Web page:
[0126] The covering material 510 may have multiple thermally-expandable zones 512 (e.g, horizontal shade control zones). The zones 512 may be expanded using heat and/or an electric current. Each of the zones 512 may include one or more wires to conduct the heat and/or electric current within the respective zone. The covering material control unit 560 may conduct the heat and/or electric current to the wires of the zones to control. The covering material 510 may be responsive to the amount of heat and/or the amount of electric current to adjust the thickness of the covering material 510. For example, the covering material control unit 560 may be configured to control the thickness of each of the zones 512 of the covering material 510 that are hanging below the roller tube 520. For example, a top-most zone 512' (e.g, that may be partially wrapped around the roller tube 520) may be controlled by the covering material control unit 560 to be thinner than the other zones 512 hanging below the roller tube 520. As the covering material 510 gets wrapped up around the roller tube 520, the size of the rolled-up covering material or the first zone 510 may get bigger, and the space may be limited, for example, in a pocket and/or installation cavity in which the roller tube 520 is located. By contracting the covering material 510 as the covering material 510 is rolled onto the roller tube 520, space may be saved ( e.g ., alternatively, or additionally, the mounting bracket may be smaller) and/or the user may use more covering material 510 (e.g., longer covering material). By expanding the covering material 510 as the covering material 510 is rolled down off of the roller tube, the visible light transmittance (e.g, openness factor) of the covering material 510 may be adjusted and the amount of light entering the space through the covering material 510 may be controlled. For example, the covering material 510 may include one or more holes and/or a surface texture. The holes and/or the surface texture may be configured to be altered as the thickness of the covering material 510 is adjusted such that the visible light transmittance of the covering material is adjusted.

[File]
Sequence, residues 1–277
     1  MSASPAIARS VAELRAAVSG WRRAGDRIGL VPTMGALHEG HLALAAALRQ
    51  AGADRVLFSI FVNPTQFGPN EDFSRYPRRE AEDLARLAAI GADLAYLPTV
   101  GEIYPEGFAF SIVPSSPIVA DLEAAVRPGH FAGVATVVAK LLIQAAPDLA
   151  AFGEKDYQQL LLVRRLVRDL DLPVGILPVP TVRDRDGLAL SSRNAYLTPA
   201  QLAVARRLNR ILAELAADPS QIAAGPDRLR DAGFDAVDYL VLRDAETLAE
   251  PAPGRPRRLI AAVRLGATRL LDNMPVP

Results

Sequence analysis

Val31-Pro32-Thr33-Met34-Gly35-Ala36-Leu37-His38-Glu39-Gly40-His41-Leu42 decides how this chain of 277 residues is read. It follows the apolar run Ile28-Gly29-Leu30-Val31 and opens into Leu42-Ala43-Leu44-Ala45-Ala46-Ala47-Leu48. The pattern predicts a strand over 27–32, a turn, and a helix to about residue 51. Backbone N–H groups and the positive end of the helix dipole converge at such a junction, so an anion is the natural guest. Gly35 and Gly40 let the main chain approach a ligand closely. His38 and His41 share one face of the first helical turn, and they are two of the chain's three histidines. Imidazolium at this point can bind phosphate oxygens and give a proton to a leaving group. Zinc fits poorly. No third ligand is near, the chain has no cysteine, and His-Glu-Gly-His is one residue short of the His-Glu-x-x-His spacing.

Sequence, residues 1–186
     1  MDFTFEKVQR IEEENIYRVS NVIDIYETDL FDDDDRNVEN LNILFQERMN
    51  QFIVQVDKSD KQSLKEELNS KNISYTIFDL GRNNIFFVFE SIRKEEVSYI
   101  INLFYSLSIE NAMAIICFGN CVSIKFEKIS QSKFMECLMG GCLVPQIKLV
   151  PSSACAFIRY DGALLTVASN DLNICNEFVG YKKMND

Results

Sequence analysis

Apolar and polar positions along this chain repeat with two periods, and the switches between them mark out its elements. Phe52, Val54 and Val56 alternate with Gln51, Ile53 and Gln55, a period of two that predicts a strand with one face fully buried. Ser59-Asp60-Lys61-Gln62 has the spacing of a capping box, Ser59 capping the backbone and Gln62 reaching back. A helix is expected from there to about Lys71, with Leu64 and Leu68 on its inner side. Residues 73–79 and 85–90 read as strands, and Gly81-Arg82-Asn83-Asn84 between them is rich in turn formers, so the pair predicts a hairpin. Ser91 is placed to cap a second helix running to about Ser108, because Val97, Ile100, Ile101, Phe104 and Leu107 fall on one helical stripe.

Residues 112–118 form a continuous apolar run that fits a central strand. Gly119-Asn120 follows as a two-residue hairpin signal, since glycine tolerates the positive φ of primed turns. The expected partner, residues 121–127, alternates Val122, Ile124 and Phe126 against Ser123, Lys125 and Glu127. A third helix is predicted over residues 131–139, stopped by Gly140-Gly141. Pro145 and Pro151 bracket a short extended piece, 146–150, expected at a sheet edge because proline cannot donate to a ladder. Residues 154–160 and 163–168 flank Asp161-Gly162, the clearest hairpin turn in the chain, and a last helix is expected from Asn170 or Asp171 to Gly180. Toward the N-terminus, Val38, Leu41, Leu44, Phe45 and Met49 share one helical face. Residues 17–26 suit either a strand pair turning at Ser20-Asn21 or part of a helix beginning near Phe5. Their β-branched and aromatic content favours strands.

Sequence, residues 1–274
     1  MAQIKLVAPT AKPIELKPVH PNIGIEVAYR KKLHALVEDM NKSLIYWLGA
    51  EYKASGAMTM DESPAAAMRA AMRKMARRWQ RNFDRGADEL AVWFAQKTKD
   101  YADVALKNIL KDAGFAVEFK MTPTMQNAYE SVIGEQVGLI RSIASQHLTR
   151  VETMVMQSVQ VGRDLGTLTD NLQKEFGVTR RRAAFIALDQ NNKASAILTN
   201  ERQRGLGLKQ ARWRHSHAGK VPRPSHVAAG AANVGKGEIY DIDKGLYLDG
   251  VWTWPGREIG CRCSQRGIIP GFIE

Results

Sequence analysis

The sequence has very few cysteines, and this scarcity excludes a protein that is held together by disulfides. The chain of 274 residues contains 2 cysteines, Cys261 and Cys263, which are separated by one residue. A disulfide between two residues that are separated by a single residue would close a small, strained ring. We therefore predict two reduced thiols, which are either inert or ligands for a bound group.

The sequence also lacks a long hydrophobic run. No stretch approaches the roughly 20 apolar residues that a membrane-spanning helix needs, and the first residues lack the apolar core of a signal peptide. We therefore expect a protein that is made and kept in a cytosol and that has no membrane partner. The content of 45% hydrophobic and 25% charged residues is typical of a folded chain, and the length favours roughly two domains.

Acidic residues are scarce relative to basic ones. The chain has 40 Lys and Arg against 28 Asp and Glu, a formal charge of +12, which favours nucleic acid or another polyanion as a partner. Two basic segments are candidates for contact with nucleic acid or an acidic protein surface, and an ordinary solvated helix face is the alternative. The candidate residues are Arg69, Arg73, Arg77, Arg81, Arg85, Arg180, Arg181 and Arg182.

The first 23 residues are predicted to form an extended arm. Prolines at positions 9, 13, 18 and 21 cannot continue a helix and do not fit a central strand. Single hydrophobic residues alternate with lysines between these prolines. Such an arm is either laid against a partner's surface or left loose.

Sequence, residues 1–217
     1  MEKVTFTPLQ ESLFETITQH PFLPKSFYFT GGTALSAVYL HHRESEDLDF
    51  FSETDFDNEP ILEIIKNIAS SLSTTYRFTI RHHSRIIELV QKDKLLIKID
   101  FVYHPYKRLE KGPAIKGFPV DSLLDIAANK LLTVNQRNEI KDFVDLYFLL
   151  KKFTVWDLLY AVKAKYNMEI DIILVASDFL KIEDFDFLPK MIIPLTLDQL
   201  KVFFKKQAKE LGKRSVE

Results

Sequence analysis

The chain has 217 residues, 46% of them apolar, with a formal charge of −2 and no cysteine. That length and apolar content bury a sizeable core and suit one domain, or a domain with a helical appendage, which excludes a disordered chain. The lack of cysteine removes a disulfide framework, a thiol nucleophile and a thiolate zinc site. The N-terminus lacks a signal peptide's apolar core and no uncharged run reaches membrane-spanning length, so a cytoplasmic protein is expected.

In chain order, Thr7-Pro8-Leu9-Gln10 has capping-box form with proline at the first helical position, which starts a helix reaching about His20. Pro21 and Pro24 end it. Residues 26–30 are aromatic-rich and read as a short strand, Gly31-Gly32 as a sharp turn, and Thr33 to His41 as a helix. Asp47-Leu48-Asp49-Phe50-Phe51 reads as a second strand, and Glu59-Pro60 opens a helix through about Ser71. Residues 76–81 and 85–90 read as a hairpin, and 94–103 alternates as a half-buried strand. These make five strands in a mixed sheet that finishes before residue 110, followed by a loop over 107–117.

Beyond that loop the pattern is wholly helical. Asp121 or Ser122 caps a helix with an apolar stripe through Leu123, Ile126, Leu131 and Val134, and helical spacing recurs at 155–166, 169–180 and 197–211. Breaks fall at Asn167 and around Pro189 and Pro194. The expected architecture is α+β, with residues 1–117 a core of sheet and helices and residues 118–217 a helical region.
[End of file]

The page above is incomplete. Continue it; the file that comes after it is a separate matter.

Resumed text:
[0127] The covering material 510 may be a flexible LCD. Each of the zones 512 of the flexible LCD may be LCD zones that can be made darker or lighter. When the covering material 510 is a flexible LCD, the flexible material control unit 560 may control the zones that are wrapped around the roller tube 520. In this case, the flexible material control unit 560 may not have to determine how much of the flexible material 510 is unwrapped from the roller tube 520.